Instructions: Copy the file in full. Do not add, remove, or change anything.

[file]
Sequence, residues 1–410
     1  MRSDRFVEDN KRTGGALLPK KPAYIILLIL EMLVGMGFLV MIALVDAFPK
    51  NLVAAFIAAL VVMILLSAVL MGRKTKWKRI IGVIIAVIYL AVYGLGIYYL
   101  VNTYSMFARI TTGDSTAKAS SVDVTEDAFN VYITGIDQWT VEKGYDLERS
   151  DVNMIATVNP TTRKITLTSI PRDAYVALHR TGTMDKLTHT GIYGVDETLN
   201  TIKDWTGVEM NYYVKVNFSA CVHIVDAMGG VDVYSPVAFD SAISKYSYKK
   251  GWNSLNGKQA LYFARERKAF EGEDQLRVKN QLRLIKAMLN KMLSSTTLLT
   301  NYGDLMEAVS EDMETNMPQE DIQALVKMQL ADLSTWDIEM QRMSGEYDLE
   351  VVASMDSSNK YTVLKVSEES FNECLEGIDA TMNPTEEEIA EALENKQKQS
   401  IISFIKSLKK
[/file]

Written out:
Sequence, residues 1–410
     1  MRSDRFVEDN KRTGGALLPK KPAYIILLIL EMLVGMGFLV MIALVDAFPK
    51  NLVAAFIAAL VVMILLSAVL MGRKTKWKRI IGVIIAVIYL AVYGLGIYYL
   101  VNTYSMFARI TTGDSTAKAS SVDVTEDAFN VYITGIDQWT VEKGYDLERS
   151  DVNMIATVNP TTRKITLTSI PRDAYVALHR TGTMDKLTHT GIYGVDETLN
   201  TIKDWTGVEM NYYVKVNFSA CVHIVDAMGG VDVYSPVAFD SAISKYSYKK
   251  GWNSLNGKQA LYFARERKAF EGEDQLRVKN QLRLIKAMLN KMLSSTTLLT
   301  NYGDLMEAVS EDMETNMPQE DIQALVKMQL ADLSTWDIEM QRMSGEYDLE
   351  VVASMDSSNK YTVLKVSEES FNECLEGIDA TMNPTEEEIA EALENKQKQS
   401  IISFIKSLKK